Opera ballet

The Paris Opera Ballet loses its second head in six years

Six years ago, Benjamin Millepied surprised many in the world of ballet when he resigned from his post as director of dance at the auguste Ballet de l’Opéra de Paris, a little over a year later. his entry into office.

Now, in another surprising move – and on unusually short notice – Aurélie Dupont, his successor, has also stepped down. On Thursday, Dupont said in a press release that she would be leaving the 353-year-old company on July 31. She “wishes to devote herself to personal projects,” the statement said. These projects included a book and a documentary film. She also wanted to spend more time with her family, he added.

“I leave this magnificent institution with a sense of accomplishment,” Dupont said in the statement. “My greatest pride is to have contributed to the emergence of talented artists, dancers and choreographers,” she added.

The Paris Opera will set up a selection committee to choose his successor, the statement said.

When Dupont was named head of the Paris Opera Ballet in February 2016, she had only recently retired as a star or prima ballerina from the company. She was meant to bring stability to the institution after Millepied had spent a year struggling to modernize it, including trying to diversify its ranks.

Dupont’s artistic vision was very different from that of Millepied. She leaned towards commissions from contemporary dance choreographers rather than those focused on classical technique; and she did not attempt to retain an association with the choreographer William Forsythe whom Millepied had initiated.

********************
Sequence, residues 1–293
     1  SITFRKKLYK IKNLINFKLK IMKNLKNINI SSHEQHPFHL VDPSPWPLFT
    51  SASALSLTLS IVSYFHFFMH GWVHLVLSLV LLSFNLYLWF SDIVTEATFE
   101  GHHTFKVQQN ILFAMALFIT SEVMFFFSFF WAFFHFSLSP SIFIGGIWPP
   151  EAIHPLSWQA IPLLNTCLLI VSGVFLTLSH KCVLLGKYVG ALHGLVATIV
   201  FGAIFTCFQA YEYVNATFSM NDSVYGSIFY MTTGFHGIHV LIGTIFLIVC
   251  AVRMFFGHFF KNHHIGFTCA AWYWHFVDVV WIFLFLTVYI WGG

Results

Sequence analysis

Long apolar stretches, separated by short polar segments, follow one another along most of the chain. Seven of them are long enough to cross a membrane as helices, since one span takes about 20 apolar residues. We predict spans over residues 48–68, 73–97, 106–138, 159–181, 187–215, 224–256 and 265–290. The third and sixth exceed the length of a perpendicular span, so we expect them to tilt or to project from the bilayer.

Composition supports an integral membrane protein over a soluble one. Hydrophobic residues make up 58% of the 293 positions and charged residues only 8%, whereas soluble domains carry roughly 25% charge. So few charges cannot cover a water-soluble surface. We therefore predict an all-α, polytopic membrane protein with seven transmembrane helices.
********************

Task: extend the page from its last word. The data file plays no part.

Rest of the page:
Yet his time in charge has also been checkered. In April 2018, the company was plunged into crisis when the results of an anonymous questionnaire on dancers’ opinions of the company were leaked to French media.

In the 179-page document, 77% of dancers who responded to the survey said they had experienced or witnessed verbal harassment, while 26% said they had experienced or witnessed sexual harassment. Nearly 90% answered no to the question “Do you think you benefit from high quality management?” The document included several sharp anonymous comments apparently aimed at Dupont, including: “The current manager appears to have no management skills and no desire to acquire any.”

There was another storm in 2019 when the Paris Opera Ballet announced that Sergei Polunin would perform as a guest in “Swan Lake”, despite a series of homophobic comments on social media and publications trumpeting his love of Russian President Vladimir V. Putin. Within days, Dupont canceled his appearance.

Some in the French press welcomed his visit to the institution on Thursday. Ariane Bavelier, writing in Le Figaro, said Dupont was leaving the company “with her head held high”. The company “was serene again,” added Bavelier, saying its program struck a decent balance between classical and contemporary works.

Philippe Noisette, a dance journalist for Paris Match and Les Echos, said in a telephone interview that “everyone was surprised” by Dupont’s departure, especially at such short notice.

Dupont was successful artistically, Noisette said, particularly in training young stars. Some of the company’s loyal following criticized him for not promoting fan-favorite Francois Alu to stardom. In April, we shouted “Aurélie, resign! after Alu performed in “La Bayadère,” Noisette said, but Alu made it to the rank in the next performance.

Neef, wishing him success in his next move, said in the press release that Dupont would always be “one of the most eminent figures at the Paris Opera” and that he would help him in his search for his successor.

Roslyn Sulcas contributed reporting